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Tonight a huge gang of us went out to see Dracula at the Grand Opera House in Belfast.

I'd been to the Grand Opera House previously, for a performance of Iphigénie en Tauride, so I knew the territory: it has to be the most gaudy, over-the-top theatre I have ever seen in my life. It belongs to the full-blown 'Empress of India' phase of the Victorian period, and hence the chief theme of the internal décor is a series of enormous gilded elephants' heads, set off nicely by many-limbed goddesses, meringue-shaped turrets and a lavish painted ceiling.

So I treated it as an opportunity to get all dolled up myself. I wore the hugh puffy purple skirt which I acquired recently at the Rusty Zip (and which I've now successfully washed), and a beautiful Victorian-looking long black jacket, designed precisely for wear over a very full skirt, which kantti gave me when she moved out of Oxford. I haven't really had a skirt which was big enough to wear under that coat yet, but now that I have, they make a perfect pairing.

Most of my companions were Goths, and hence had similarly leaped at an occasion for dressing up. We were getting amazed and admiring looks from strangers, and we knew we deserved them! (Pictures should follow later, thanks to damien_mocata and his digital camera).

The play itself was actually extremely good. They'd taken the bold step of setting it in 2005, and the characters had therefore heard of Count Dracula... but nonetheless behaved much as the Victorian characters did anyway, since they were quite convinced that vampires were the stuff of movies and comic books. This is actually not such a great liberty to take with Stoker's original novel, since his Victorian characters are themselves sceptical of Van Helsing when he tries to tell them about Dracula because they also can't believe that anything so obviously medieval could possibly exist in their modern world of trains, telegrams and typewriters.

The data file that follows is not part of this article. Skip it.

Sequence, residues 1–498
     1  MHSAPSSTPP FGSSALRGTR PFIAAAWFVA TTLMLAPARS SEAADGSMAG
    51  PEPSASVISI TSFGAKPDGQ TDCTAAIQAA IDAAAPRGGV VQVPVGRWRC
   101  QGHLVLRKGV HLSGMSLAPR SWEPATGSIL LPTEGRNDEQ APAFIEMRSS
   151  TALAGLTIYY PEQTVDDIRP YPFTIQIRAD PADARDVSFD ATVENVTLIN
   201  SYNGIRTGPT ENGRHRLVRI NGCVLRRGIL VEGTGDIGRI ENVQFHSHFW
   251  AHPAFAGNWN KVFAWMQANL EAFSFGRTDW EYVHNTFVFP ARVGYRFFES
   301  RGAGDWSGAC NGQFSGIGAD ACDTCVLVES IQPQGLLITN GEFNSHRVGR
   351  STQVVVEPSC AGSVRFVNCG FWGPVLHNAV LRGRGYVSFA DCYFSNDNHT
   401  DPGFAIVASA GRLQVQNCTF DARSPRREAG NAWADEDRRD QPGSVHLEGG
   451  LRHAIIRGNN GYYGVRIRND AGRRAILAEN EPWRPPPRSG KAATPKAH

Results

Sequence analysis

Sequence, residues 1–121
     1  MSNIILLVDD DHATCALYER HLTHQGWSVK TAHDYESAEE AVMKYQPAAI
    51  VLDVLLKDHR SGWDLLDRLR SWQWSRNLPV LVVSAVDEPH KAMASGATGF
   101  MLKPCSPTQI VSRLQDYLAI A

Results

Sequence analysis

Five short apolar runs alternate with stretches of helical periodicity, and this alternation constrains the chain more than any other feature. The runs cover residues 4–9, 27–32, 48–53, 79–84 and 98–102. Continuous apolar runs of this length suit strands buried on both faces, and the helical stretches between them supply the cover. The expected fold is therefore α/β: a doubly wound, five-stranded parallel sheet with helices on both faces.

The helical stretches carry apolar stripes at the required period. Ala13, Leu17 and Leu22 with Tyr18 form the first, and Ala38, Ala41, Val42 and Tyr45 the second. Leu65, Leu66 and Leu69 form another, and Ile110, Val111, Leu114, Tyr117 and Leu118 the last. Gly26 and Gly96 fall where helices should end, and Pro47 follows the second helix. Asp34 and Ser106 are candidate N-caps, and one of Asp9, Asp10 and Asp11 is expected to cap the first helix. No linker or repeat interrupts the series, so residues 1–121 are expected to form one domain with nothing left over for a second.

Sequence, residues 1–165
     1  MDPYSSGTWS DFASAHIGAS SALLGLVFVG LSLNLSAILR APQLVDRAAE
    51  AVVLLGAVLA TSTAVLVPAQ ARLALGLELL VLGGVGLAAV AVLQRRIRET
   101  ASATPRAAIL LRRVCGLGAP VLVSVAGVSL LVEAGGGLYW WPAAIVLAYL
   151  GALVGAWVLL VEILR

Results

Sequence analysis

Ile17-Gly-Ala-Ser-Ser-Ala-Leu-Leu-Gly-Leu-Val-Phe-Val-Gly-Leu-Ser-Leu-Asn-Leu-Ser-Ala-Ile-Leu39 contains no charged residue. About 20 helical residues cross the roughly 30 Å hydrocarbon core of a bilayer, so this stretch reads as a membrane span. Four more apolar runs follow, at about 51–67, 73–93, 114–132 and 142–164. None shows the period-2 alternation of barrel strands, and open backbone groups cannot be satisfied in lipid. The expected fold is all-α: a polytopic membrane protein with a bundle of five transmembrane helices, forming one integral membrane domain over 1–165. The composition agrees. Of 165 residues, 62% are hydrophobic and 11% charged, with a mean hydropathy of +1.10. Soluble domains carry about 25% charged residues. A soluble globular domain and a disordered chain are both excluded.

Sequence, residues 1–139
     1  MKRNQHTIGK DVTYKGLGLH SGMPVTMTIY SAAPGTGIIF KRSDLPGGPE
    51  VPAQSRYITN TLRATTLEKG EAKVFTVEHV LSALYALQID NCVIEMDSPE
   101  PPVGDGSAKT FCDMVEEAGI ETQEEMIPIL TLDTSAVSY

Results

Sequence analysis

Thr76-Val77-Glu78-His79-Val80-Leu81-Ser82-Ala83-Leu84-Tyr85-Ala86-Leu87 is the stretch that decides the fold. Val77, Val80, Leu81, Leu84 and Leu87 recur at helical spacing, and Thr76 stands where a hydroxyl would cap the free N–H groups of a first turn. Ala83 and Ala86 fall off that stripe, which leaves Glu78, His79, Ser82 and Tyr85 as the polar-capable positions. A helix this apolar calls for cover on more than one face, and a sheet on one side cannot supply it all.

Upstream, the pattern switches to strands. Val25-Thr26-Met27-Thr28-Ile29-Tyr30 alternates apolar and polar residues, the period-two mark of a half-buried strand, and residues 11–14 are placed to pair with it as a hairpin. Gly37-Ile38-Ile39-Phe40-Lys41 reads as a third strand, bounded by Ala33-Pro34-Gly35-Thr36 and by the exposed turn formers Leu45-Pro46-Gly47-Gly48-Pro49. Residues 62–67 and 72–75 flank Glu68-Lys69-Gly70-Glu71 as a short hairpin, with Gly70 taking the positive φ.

Another effect of the chronological shift was that the stage play's characters were all emailing and texting each other all the time, instead of writing letters and sending telegrams. This was handled nicely in itself, and indeed made into a positive boon. The stage set included two large screens which displayed the emails as they were being written, as well as a few web pages which the characters were looking at, and also images of things like pumping blood, swirling mist, wolves' heads or smashing glass from time to time to add to the stage effects. Also, Arthur, Quincey, John Seward and Jonathan Harker all flew over to Transylvania towards the end, rather than getting the train, while Mina was enough of a 21st century woman to actually dispatch Dracula herself at the end.